Naturally, of course, I couldn't just try a simple print. I decided to try a reduction lino cut, which involves taking a single piece of lino and carving it repeatedly. It starts with large light-coloured area for the first layer, then is re-carved for the second layer and so on, moving to smaller and darker sections (because they're printed on top of the preceding colours, similar to the way watercolour works). This destroys the lino block as you go, so once you've moved on to the next colour you can't go back and print any more. No pressure on a girl who's never done this! The photo above is the lino block with the image (mirrored because it'll reverse itself when printed of course) drawn in permanent marker so that it won't transfer with the ink.
Here is the first layer. I cut out very little to remain white - a bit of snow and some windows. I was using the corner of my desk to align everything, to varying degrees of success, but mostly it worked quite well. I marked where the block was to be replaced after each time it was carved, slotted the paper into the corner, and then transferred the ink. I made a few on newsprint to practise and check the registration before using the nice paper. It took a couple times to get used to how much ink and pressure to use - an ongoing learning process I think! One of them turned out with a really spiky texture because I had far too much on the block. Oh well! I made extra, and I'll get used to it.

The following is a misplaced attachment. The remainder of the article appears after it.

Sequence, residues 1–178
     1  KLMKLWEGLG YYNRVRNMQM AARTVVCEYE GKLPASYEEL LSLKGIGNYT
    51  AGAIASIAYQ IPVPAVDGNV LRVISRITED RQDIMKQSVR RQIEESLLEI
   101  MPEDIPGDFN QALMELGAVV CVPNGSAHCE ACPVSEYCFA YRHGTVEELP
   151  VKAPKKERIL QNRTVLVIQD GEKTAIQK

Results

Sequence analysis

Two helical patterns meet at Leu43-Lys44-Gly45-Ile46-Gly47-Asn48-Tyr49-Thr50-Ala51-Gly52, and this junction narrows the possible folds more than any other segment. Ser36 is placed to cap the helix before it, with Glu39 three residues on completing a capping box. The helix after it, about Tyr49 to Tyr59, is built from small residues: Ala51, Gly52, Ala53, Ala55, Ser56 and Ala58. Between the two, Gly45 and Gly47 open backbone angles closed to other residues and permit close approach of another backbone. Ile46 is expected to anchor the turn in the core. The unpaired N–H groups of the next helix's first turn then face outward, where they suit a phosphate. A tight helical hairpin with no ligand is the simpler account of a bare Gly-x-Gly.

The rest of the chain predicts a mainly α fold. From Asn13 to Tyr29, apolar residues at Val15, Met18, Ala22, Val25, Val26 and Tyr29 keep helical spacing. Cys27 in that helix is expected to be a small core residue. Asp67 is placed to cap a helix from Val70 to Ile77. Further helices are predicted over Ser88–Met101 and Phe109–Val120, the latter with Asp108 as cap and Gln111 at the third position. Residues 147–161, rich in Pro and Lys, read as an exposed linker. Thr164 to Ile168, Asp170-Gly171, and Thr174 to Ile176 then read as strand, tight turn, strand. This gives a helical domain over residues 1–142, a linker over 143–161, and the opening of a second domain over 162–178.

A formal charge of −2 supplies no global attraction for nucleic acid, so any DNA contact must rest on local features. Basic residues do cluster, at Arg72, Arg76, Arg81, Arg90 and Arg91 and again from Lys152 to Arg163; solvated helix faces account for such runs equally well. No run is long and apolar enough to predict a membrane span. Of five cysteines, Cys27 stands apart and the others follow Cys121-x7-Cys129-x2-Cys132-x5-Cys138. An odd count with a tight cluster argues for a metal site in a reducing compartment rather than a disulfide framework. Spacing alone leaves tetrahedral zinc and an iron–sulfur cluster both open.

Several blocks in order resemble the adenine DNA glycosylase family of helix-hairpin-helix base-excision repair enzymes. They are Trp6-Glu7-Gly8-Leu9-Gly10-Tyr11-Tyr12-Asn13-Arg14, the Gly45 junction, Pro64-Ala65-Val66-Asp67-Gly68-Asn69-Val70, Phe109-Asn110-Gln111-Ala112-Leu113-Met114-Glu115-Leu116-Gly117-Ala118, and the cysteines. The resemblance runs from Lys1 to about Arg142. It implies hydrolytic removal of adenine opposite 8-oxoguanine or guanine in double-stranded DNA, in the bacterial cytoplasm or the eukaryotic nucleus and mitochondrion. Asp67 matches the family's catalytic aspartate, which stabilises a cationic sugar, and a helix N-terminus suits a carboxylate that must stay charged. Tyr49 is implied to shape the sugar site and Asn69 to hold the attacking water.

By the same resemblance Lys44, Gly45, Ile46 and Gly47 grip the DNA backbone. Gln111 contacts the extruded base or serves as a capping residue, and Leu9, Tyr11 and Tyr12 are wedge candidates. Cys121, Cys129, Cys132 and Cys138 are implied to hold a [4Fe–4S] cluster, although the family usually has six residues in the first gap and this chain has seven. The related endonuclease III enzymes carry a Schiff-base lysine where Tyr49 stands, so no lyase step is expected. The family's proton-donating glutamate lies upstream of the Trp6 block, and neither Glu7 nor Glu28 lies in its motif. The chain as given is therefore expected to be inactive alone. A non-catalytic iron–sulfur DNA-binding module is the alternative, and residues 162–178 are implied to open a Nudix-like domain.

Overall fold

Once that was printed I carved out everything I wanted to remain light blue, then printed over it in tan. I'd had a bit of a debate with myself before I started as to whether I should do the blue or tan layer first, since the blue covered a larger area, but the tan was a little lighter. I'm not entirely sure I choose correctly, but I think it turned out fine in the end.
I didn't just make a simple reduction print either - there are still four more colours to go! I'll post more photos soon.